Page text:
Advice & Guidance

Quick En Plein Air Painting Techniques with Jem Bowden

11th December 2012 Estimated reading time: 7 mins

Have you tried painting en plein air? Were you put off by practical difficulties or some early bad results? PA Jem Bowden encourages you to climb the learning curve.

Working outdoors ‘from life’ will give you distinctly different results to working in the studio from secondary source material.
Visually different, but perhaps more potently to the artist, it will also feel different, having a quality of extra ‘authenticity’ as well as ‘memento’ value. It gives the satisfaction of having truly experienced a place and reacted directly and honestly to it in a visceral sense.

‘Rooks over Arnos Vale Cemetery’ – A fine autumn day gives an atmospheric low sun, here creating silhouettes of the sparsely-leaved trees. Light reflects strongly from the damp grass and gravestones. The tones are either very light (untouched white paper) or very dark, with not a lot in between.

You stand proudly by the result and say “that place, at that moment, made me do this”. And, although we are heading into winter, this time of year brings with it some of the most rewarding colours and tones, and perhaps less rain than our summer months! Any keen walker, wildlife enthusiast or amateur naturalist will find ‘en plein air’ a rewarding experience for more than painting, and you will likely produce your most inspired work.

Keep a list of things to pack, check and do before each excursion. Preparation is key, as is accepting those things beyond your control.

Potential Problems and Solutions

The weather
Don’t wait for a ‘perfect’ forecast. Drying paints are a battle on hot days, as much as slow-drying paints on cool or humid days. Take a small water spray to keep your palette damp when necessary. Use a more heavily-sized paper (eg Arches) on a dry day too – the water soaks into the paper less quickly giving you more working time before it dries.

The weight you’re carrying
Keep it down, or you’ll be put off the whole thing immediately.

Possibly uncomfortable, but very practical! Note layout of basic materials.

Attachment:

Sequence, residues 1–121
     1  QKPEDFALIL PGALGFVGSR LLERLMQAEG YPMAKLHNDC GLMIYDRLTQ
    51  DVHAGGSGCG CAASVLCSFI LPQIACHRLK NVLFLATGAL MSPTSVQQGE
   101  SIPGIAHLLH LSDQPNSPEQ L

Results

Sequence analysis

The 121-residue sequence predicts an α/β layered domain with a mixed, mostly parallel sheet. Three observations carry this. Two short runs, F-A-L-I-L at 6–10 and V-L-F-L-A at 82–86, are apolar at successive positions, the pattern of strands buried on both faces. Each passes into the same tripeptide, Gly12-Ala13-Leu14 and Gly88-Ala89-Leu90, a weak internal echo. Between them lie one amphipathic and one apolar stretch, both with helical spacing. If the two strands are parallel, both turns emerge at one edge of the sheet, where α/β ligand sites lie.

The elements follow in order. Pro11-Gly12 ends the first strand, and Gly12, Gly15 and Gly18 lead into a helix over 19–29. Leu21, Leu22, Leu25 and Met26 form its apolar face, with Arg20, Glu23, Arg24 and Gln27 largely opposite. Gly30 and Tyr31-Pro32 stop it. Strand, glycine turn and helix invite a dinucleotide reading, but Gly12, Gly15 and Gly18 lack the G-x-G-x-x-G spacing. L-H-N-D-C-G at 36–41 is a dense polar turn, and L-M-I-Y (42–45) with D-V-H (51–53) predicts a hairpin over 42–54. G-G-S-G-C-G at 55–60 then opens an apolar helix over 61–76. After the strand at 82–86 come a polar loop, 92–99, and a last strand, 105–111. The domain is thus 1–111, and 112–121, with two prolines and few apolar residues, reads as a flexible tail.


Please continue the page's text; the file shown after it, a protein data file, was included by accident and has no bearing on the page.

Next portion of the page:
Dog walkers and ‘interested’ people
You need focus and concentration to produce good work. Once paint is being applied you must remain absolutely in the moment. Dogs off leads can prove to be destructive, and interested onlookers fatally distracting. There are many virtually unused footpaths close to us all – get an OS map and find a hidden gem.

Sunburn/insect hassle/hay fever
An antihistamine pill and insect repellent spray are essentials for me, and I even pack a tiny ‘tick remover’ having learned the hard way!

Hunger and thirst/slight hardships/toilet!
The knowledge that you’ll have several paintings at the end of the day should get you through a few minor discomforts. Learning where the nearest pub is in relation to where you’re going can be useful. I tend to sip from my painting-water supply bottle when really needed.

“Lullington Heath Nature Reserve” by Jem Bowden

Clothing
Take a cap or hat with a peak for working towards the sun. Wear quick-drying clothes rather than carry waterproofs, and footwear for the worst. With the walking and carrying I find I am usually more than warm enough all day in Summer, though fingerless gloves and scarf are useful the rest of the year.

Working environment
I sit on the ground on a thin plastic sheet. It protects against wet ground and thistles and weighs nothing. I lay all my materials in front of me within easy reach. You may prefer to use an easel or a lightweight artists’ chair with a table attached – see what works best for you.

Grass seed in your palette
Yep – inevitable!

Cows/horses
Don’t ever sit in a field with these! I have had to move sharpish and had brushes crunched up by inquisitive animals.

“Brislington Brook, January” Painted on an easel – very hastily! This was close enough to where I live to get it done before my hands fell off.